Arkansas’ Chairman of the state Workers’ Compensation Commission used drug-free workplace information and guidance from the NAMSDL to draft and encourage adoption of the Arkansas drug-free workplace act. NAMSDL provided to the Chairman the model workers’ compensation premium reduction law, other states’ similar laws and a list of contact people who oversee other state programs.

In Ohio, Governor Taft issued an Executive Order in September 2002 implementing a stronger drug-free workplace policy for state construction projects. Contractors and subcontractors are now required to enroll in the Ohio Bureau of Workers’ Compensation’s Drug-Free Workplace Program and to remain a member in good standing in order to be eligible for construction projects administered by the state.  This requirement reflects the implementation of a recommendation from the Ohio Summit in April 2001.

In Idaho, the Association of Idaho Cities (AIC) passed five resolutions related to the recommended actions generated by participants in the state summit in May 2004.  The resolutions included encouraging drug-free workplaces in both the governmental and private sectors, requiring coverage of substance abuse treatment by insurers, statewide coordination of efforts to address substance abuse via a Governors Cabinet-level position, implementing a drug endangered children protocol for the state, and statewide uniform standards for clean-up protocols for illicit clandestine laboratories.  AIC members hope that these resolutions will lead to the introduction of legislation in January 2005.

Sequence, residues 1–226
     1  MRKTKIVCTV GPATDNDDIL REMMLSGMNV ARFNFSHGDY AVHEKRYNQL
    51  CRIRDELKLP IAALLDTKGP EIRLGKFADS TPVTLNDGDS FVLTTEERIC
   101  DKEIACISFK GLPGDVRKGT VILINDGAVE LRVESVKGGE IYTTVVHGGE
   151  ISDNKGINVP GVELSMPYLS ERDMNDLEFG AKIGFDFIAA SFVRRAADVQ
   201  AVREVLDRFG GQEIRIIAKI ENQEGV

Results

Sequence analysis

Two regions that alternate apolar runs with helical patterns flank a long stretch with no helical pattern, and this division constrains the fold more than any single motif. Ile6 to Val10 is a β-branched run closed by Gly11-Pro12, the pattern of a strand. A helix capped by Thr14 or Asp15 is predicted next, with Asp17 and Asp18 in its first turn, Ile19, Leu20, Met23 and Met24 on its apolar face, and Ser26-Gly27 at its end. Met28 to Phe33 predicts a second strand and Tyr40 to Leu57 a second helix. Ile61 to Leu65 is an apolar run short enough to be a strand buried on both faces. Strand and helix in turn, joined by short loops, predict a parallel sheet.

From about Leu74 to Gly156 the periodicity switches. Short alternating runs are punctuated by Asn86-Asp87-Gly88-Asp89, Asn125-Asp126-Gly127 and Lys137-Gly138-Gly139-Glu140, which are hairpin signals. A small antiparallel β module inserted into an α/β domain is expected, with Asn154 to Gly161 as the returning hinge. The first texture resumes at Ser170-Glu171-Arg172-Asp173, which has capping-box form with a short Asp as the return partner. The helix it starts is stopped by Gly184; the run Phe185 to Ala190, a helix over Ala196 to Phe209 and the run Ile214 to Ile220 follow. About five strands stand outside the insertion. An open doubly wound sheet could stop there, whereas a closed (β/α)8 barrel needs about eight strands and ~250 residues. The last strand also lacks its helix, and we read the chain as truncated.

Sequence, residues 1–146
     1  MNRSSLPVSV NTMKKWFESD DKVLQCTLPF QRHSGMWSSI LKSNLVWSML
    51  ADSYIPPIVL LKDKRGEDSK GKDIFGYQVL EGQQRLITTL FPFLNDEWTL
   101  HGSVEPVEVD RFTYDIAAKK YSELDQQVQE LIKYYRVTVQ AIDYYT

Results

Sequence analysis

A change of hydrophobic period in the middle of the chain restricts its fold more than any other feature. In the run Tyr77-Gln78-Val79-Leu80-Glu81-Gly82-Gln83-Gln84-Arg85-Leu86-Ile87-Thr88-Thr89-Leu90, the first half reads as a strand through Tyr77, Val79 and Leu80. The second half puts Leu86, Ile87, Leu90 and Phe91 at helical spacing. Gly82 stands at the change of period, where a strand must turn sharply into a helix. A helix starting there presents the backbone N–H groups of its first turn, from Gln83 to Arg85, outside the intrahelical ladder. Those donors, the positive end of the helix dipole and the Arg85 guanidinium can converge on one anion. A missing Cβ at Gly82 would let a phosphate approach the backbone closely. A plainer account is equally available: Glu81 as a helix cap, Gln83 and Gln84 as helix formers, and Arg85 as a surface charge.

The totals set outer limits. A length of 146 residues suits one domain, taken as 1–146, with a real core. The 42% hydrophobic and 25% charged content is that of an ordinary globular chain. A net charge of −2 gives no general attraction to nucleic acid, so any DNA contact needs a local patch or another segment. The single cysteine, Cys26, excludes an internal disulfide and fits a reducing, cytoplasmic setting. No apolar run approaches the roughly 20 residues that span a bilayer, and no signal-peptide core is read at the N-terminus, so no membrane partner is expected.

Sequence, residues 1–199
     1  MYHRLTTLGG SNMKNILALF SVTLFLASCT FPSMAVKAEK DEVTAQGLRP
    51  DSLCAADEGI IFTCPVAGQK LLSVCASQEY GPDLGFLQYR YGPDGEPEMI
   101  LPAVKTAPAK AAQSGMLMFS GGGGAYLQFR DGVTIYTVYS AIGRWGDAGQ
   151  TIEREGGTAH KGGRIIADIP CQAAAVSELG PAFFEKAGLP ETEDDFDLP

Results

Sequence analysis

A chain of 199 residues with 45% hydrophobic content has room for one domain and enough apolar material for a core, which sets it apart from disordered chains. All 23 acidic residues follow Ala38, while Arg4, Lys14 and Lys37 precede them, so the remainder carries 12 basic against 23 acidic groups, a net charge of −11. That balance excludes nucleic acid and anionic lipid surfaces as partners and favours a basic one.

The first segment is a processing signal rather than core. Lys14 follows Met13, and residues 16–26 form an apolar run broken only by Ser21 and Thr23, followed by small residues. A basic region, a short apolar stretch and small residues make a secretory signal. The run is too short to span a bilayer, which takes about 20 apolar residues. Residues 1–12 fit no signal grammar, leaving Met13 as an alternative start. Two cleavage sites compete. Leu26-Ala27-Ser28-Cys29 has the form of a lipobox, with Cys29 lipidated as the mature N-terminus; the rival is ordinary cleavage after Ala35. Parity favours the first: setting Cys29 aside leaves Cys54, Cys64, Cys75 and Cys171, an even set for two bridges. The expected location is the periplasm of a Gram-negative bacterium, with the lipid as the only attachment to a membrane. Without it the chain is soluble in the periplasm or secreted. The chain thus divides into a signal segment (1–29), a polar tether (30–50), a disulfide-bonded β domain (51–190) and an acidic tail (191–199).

Maryland and Virginia used NAMSDL’s draft model law for establishing prescription monitoring programs (PMP) in drafting legislation in efforts to create their own state systems.  Officials in North Carolina, Alabama, Louisiana, Colorado, Maine, Connecticut, Mississippi, Oregon, Montana, South Carolina, North Dakota, South Dakota, Florida, Tennessee, Wisconsin, Missouri, Vermont, Wyoming, New Hampshire, have also utilized the NAMSDL’s work and knowledge on this issue as they designed their states proposals for to plan and/or implement state PMPs.  Additionally, California, Hawaii, West Virginia, Oklahoma, Kentucky, New Mexico, and Nevada officials have sought NAMSDL’s assistance as they explored possible enhancements to their existing PMPs, including opportunities for funding through the BJA-administered Harold Rogers Prescription Drug Monitoring Program.